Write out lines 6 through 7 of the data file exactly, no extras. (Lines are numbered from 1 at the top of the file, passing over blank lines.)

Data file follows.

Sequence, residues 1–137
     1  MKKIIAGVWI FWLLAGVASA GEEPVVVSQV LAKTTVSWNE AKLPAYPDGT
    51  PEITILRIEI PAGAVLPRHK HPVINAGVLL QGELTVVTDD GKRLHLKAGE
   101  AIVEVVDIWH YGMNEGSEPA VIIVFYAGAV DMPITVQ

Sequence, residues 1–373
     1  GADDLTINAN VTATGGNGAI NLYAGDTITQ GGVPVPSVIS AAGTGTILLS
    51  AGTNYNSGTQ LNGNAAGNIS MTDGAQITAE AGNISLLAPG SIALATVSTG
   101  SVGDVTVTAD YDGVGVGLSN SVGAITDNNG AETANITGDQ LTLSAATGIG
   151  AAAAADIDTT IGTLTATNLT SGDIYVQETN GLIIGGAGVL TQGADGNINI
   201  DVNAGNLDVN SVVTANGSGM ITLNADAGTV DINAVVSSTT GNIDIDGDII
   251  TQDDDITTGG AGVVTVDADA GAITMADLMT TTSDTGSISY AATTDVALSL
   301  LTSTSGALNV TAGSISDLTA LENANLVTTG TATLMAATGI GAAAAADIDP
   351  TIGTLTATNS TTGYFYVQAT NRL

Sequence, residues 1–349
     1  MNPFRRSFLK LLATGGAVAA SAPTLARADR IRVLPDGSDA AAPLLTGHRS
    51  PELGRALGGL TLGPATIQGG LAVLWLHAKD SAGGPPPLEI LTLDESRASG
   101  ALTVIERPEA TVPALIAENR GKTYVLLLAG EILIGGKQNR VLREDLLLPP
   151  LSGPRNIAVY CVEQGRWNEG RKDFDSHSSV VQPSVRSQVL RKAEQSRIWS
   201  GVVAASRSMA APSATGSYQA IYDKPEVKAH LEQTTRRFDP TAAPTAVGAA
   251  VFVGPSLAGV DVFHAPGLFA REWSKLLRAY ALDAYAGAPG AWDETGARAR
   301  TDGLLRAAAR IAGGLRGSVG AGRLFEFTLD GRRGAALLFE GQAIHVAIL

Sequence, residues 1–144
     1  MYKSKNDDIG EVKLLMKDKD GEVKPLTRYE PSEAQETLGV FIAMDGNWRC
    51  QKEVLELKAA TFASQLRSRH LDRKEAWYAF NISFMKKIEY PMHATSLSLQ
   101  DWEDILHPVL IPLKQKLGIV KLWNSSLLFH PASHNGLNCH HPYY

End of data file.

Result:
     1  GADDLTINAN VTATGGNGAI NLYAGDTITQ GGVPVPSVIS AAGTGTILLS
    51  AGTNYNSGTQ LNGNAAGNIS MTDGAQITAE AGNISLLAPG SIALATVSTG